Commentary  Dr. Sheldon Cooper: Friend or Foe of the Autistic Community?

Women with ASD and The Big Bang Theory

What is autism, and what is my experience with it?
This year I was diagnosed with high-functioning Autism Spectrum Disorder (ASD), but like everyone on the spectrum, I was born with it. High-functioning autism is defined as someone on the spectrum who is both independent and crosses a certain threshold of cognitive ability. Because it has no bearing on the qualitative experience of how an autistic person feels about their own existence, the term has been criticized heavily by autistic people. Growing up, I had a lot of problems both at home and with my classmates, so I did what many high-functioning autistic people do, I focused on school.

In retrospect I was very clearly autistic. Since I was young, evidence was present; from organizing my dolls to look aesthetically pleasing instead of playing with them like most other girls, to my reactive fears of knives and anything approximating the mention of sex. I learned social conventions by studying them artificially. I had the same breakfast every day, and if we didn’t have one of the ingredients from the correct brand needed to make it, I would skip the meal altogether. My teachers were my favorite friends for the longest time, and when I started dating boys, I got more interested in older intellectuals who had more time to reflect on social interactions, as opposed to taking their social skills for granted. All of these are classic examples of how ASD presents in girls.

The Screwed Up World of autismspeaks.org and Overall ASD Research Funding
Unfortunately, I was not diagnosed with ASD until I began university for many reasons, one being that there is very little research done on diagnosing ASD in women since most funding goes towards Autism prevention. Unfortunately many neurotypical people, even those with personal connections to the autistic community, still interpret autism as a disease that needs to be prevented. People who prioritize autism prevention research often hyperfocus on painful autistic meltdowns, which actually stem from being in a non-inclusive environment, rather than choosing to look at my strengths.

While I do not have all the textbook autistic qualities, autistic people often excel in tasks that are very difficult for neurotypical people, but rather than seizing this opportunity to integrate us, we are cast aside as disabled and broken. When donors treat autism as a disease to be prevented, it creates problems with allocating resources to diagnosing, managing, teaching about, and accommodating autism. This approach towards understanding autism ignores the ways in which the detail-oriented, solitary workflow, and innovative qualities generally attributed to autism have revolutionized the advancement of entire fields of study like math, physics, economics, computer science, biology, engineering, and chemistry.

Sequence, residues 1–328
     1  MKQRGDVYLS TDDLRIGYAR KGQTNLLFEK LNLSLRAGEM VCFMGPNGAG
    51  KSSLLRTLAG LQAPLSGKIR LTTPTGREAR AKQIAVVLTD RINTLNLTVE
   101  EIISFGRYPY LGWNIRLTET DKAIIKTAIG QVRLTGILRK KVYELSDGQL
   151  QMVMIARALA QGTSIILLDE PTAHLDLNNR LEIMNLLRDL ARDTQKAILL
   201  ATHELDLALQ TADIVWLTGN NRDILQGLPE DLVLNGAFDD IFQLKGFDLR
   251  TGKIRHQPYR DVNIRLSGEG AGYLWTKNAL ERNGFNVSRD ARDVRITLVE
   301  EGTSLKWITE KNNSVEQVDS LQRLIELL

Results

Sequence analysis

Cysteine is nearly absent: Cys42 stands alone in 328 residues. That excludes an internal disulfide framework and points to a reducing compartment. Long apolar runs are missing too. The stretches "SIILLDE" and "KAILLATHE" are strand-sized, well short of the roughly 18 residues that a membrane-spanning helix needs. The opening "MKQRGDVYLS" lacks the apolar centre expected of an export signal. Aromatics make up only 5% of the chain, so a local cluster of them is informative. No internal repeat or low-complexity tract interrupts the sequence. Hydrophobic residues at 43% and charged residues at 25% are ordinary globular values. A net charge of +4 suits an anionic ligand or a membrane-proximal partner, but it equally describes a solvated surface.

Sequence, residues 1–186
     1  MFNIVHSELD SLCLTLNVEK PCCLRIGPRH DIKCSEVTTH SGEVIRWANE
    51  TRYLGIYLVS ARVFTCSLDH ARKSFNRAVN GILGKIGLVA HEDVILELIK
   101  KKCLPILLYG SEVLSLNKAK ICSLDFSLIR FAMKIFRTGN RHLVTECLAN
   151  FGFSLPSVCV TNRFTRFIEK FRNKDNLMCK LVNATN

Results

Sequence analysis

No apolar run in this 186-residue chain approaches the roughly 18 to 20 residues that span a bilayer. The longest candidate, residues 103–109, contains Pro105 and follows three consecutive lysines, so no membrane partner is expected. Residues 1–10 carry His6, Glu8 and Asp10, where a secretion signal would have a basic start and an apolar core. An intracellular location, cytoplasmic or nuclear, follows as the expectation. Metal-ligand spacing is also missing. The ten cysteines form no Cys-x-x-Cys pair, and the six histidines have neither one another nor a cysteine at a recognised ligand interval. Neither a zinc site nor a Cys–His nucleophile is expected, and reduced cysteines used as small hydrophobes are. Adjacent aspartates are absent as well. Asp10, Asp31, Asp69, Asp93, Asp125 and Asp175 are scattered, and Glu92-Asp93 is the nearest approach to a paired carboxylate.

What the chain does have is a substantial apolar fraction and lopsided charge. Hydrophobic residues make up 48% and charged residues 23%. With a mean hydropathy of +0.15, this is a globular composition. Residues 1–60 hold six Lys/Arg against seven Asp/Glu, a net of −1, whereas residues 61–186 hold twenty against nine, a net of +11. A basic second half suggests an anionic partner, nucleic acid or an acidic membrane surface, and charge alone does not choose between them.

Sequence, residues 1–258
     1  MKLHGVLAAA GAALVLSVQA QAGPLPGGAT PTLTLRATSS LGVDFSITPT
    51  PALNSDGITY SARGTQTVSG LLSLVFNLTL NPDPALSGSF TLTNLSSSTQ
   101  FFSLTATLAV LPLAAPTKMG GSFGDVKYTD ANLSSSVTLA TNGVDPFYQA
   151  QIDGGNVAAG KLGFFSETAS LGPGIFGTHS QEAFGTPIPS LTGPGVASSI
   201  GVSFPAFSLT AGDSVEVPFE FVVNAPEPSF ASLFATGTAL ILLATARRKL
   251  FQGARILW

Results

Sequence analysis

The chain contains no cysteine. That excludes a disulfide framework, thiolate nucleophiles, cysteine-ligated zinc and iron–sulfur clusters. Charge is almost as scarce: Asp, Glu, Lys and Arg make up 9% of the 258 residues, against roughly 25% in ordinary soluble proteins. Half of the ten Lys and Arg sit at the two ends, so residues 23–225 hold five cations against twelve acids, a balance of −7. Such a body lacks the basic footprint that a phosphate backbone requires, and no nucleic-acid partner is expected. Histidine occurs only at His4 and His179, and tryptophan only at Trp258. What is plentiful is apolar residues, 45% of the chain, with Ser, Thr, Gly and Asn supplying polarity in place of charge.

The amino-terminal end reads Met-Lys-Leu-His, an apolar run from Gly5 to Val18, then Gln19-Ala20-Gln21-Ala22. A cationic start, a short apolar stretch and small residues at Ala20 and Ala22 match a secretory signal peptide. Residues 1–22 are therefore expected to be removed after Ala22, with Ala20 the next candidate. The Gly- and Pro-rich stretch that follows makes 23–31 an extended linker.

How Failed Research Funding Disproportionately Fails Women
Despite the obvious problems in overall ASD research funding, autistic women suffer a double blow because their symptomsare understudied, leading to misdiagnosis and deprivation of access to proper accommodations. Very few psychologists have enough awareness and training around ASD to recognize the signs in women because it is considered a specialization.

Unfortunately many neurotypical people, even those with personal connections to the autistic community, still interpret my autism as a disease that needs to be prevented.

Even after getting my diagnosis, I realized that ASD- specialized therapists were much more expensive than general psychologists, especially those that understand how to support women, so I was priced out of proper treatment beyond pure diagnosis that I needed to get accommodations for school. I also have ADHD, so this makes school and treating me more complicated because my symptoms might be at odds with autism in some regards and compound in others.

If I need two types of specialized aid, how many doctors should I see every week? How do I get them to communicate efficiently? What can I afford? How do I get credit for my schoolwork when I am wired completely differently? What job will capitalize on my divergent outlook when my brain opposes almost all frameworks? How can I get to an autism- friendly atmosphere, like academia, when McGill’s grading systems are not reflecting my profound understanding of content?